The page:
News for Monday, November 2, 2009
Hopi Artist Michael Kabotie Mourned
The School for Advanced Research mourns the passing of Hopi painter, jeweler, and writer Michael Kabotie (Lomawywesa). Born in 1942, Kabotie was raised in the Hopi village of Shungopavi. A key figure in the history of Native art, he was a founding member of Artist Hopid, a group of painters that experimented in fresh interpretations of traditional Hopi art forms during the 1970s. He was also featured in numerous exhibitions and lectured extensively all over the world about his art.
In 1998, Kabotie participated in the SAR seminar, The Deep Remembering: The Art and Aesthetics of Southwest Indian Painting, then later the publication Indian Painters of the Southwest from SAR Press. In 2007, he returned to SAR to take part in American Indian Artists in Recovery: The Socioeconomic and Religious Issues Surrounding Art and Addiction. The Indian Arts Research Center holds several of his pieces in its collection.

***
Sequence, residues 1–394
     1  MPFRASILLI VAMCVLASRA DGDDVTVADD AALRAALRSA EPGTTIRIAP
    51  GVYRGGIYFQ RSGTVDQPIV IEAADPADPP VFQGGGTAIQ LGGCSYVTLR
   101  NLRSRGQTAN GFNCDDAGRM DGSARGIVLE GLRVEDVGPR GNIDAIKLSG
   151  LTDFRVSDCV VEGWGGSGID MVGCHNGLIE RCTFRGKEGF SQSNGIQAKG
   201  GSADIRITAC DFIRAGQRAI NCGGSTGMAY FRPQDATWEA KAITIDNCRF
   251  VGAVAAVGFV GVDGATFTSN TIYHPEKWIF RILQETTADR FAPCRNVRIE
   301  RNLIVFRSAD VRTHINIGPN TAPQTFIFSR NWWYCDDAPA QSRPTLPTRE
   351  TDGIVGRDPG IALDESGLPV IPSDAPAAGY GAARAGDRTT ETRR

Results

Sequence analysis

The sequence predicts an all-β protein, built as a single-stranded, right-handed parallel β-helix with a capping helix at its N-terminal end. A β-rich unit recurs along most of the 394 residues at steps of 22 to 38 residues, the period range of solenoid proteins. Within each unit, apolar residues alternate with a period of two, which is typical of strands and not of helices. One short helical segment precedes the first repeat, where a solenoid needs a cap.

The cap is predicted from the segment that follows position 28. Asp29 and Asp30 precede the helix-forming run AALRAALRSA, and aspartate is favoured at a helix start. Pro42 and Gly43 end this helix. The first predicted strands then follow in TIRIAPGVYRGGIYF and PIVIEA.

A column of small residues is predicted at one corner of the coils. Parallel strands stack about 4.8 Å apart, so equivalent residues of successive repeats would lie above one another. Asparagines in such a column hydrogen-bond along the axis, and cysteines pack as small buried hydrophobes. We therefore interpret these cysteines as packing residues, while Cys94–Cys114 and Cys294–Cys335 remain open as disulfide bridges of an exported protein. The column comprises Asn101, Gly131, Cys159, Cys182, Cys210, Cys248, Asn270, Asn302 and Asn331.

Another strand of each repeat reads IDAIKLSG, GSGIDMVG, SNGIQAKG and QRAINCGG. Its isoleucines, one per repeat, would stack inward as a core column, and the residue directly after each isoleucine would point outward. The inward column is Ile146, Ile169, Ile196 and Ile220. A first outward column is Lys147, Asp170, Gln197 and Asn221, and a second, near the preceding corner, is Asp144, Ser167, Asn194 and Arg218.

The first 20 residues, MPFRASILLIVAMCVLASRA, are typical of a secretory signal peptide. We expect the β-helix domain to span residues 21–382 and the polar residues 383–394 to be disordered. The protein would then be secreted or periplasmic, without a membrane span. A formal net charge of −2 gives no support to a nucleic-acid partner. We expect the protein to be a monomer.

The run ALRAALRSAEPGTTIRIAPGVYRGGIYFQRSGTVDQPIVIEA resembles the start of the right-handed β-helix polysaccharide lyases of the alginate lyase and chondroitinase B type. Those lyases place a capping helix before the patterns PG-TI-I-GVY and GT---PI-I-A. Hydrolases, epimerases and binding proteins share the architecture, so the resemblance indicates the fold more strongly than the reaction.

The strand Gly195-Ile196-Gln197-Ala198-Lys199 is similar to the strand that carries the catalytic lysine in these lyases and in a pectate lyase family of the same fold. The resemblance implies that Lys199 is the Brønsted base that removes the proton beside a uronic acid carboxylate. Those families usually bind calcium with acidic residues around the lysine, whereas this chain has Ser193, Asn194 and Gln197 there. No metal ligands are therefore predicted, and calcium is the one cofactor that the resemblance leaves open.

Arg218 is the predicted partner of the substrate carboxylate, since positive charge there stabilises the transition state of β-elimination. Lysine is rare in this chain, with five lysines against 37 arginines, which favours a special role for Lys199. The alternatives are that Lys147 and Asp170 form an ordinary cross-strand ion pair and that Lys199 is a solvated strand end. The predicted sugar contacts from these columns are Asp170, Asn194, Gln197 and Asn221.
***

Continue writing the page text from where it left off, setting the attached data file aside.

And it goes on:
Recently, Kabotie was named as the signature artist for the 52nd Heard Museum Guild Indian Fair & Market, which will be held in March 2010. He had created a special painting for the occasion to be used as the featured image for the market. At the time of his passing, he was also in the process of creating a series of new works for an upcoming exhibition.Michael Kabotie
Kabotie passed away on October 23 in Flagstaff, AZ from complications of the H1N1 virus. He is survived by his older sister, Hattie Lomayesva; his children, Paul Kabotie, Wendell Sakiestewa, Claire Chavarria, Ed Kabotie, Meg Adakai and Max Kabotie; his partner, Ruth Ann Border; his ex-wife, Frances Fayssoux Kabotie; 14 grandchildren; one great-grandchild; his Hopi clan and blood relatives; and many friends worldwide. SAR offers its deepest condolences to his family and all those whom he touched in his lifetime.